An initial prescription of tramadol for osteoarthritis among patients aged 50 years and older is associated with a significantly increased risk for mortality over 1 year, compared with commonly used NSAIDs, but not codeine, according to data published in JAMA.
However, the researchers cautioned that their findings “may be susceptible to confounding by indication” and that further research is required to determine whether the association is causal.
“This study is important because American Academy of Orthopedic Surgeons guideline recommends tramadol for patients with knee osteoarthritis, and an American College of Rheumatology guideline conditionally recommends tramadol as first-line therapy for patients with knee osteoarthritis, along with nonsteroidal anti-inflammatory drugs,” Yuqing Zhang, DSc, of Massachusetts General Hospital, and Guanghua Lei, MD, PhD, of Xiangya Hospital, told Healio Rheumatology.
Tramadol for OA among patients aged 50 years and older is associated with a significantly increased risk for mortality over 1 year, compared with commonly used NSAIDs, but not codeine, according to data.
“Prescriptions of tramadol have been increasing rapidly around the world, making tramadol one of the most widely used weak opioids,” they noted. “However, there is paucity of information on its safety profile, e.g., risk of all-cause mortality.”
To analyze the links between tramadol and all-cause mortality in patients with OA, the researchers studied the Health Improvement Network (THIN), an electronic medical record database that contains information on 11.1 million patients from 580 general practices in the United Kingdom. They included 88,902 patients in their final analysis, all of whom were aged 50 years or older and had a history of knee, hip or hand OA. In addition, all included participants had visited their general practitioner’s office between January 2000 and December 2015, and had at least 1 year of follow-up.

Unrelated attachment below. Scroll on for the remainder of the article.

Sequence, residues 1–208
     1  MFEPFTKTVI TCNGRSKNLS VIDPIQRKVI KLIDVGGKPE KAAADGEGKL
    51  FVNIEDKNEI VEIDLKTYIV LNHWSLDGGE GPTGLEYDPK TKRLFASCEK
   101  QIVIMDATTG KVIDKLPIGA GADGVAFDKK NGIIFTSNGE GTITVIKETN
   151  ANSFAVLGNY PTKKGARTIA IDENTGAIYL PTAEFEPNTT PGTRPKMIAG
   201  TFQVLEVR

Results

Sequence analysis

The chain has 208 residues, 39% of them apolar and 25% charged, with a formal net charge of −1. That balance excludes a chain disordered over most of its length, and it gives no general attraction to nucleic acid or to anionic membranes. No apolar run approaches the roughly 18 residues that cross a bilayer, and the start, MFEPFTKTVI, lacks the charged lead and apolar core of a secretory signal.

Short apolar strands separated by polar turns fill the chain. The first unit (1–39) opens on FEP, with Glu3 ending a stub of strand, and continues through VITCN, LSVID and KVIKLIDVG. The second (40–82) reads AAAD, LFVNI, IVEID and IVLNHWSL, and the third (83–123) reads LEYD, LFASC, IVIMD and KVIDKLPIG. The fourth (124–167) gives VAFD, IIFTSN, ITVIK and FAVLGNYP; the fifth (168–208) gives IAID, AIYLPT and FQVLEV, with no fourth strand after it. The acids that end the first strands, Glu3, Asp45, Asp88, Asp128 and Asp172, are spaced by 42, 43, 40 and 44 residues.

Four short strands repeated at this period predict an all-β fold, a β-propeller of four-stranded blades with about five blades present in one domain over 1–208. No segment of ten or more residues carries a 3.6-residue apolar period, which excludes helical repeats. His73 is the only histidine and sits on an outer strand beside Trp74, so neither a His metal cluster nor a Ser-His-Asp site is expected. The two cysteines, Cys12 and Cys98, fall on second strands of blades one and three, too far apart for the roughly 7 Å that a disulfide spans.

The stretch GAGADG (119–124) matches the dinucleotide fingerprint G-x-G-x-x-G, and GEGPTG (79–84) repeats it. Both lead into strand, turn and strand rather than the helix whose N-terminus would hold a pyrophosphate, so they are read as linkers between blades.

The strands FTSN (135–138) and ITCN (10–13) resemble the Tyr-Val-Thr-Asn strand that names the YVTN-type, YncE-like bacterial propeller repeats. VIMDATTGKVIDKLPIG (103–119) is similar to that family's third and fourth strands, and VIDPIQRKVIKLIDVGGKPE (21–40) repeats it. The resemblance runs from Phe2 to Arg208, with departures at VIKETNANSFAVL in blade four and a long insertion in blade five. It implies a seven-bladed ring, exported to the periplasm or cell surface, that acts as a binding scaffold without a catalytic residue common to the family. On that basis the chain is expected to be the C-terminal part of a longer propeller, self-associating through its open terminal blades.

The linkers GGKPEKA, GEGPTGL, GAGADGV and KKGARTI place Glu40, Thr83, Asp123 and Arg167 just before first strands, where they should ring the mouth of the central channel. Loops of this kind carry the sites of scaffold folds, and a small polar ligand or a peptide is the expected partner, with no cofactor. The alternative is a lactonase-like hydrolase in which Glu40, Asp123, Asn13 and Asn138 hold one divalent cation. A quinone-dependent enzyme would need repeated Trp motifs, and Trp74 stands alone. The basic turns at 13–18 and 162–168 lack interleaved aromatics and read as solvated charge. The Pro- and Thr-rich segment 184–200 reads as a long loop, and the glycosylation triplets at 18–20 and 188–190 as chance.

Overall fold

The researchers conducted five sequential propensity score-matched cohort studies to compare all-cause mortality among participants initially treated with tramadol with those treated with other medications. These included naproxen, diclofenac, celecoxib, etoricoxib and codeine. Among the participants, 44,451 initially received tramadol, 12,397 were treated with naproxen, 6,512 received diclofenac, 5,674 received celecoxib, 2,946 were treated with etoricoxib and 16,922 received codeine. The primary outcome was all-cause mortality within 1 year following initial tramadol treatment, compared with other medications.
According to the researchers, there were 278 deaths during the 1-year follow-up in the tramadol group, for a rate of 23.5 per 1,000 person-years, compared with the naproxen cohort, in which 164 participants died during the follow-up, producing a rate of 13.8 per 1,000 person-years (HR = 1.71; 95% CI, 1.41-2.07). Mortality was also higher among patients treated with tramadol compared with diclofenac (HR = 1.88; 95% CI, 1.51-2.35).
In addition, tramadol was associated with a higher all-cause mortality rate compared with celecoxib (HR = 1.7; 95% CI, 1.33-2.17) and etoricoxib (HR = 2.04; 95% CI, 1.37-3.03). However, there were no statistically significant differences between all-cause mortality rates for tramadol and codeine (HR = 0.94; 95% CI, 0.83-1.05).
“Tramadol prescription may be associated with increased all-cause mortality compared with commonly prescribed nonsteroidal anti-inflammatory drugs among patients with osteoarthritis, but further research is needed to determine if this relationship is causal,” Zhang and Lei said. “This study may point to a need to consider tramadol’s potentially increased risk of all-cause mortality in several osteoarthritis guidelines as well as in clinical practice.” – by Jason Laday
Disclosure: Zeng reports no relevant financial disclosures. Please see the study for all other relevant financial disclosures.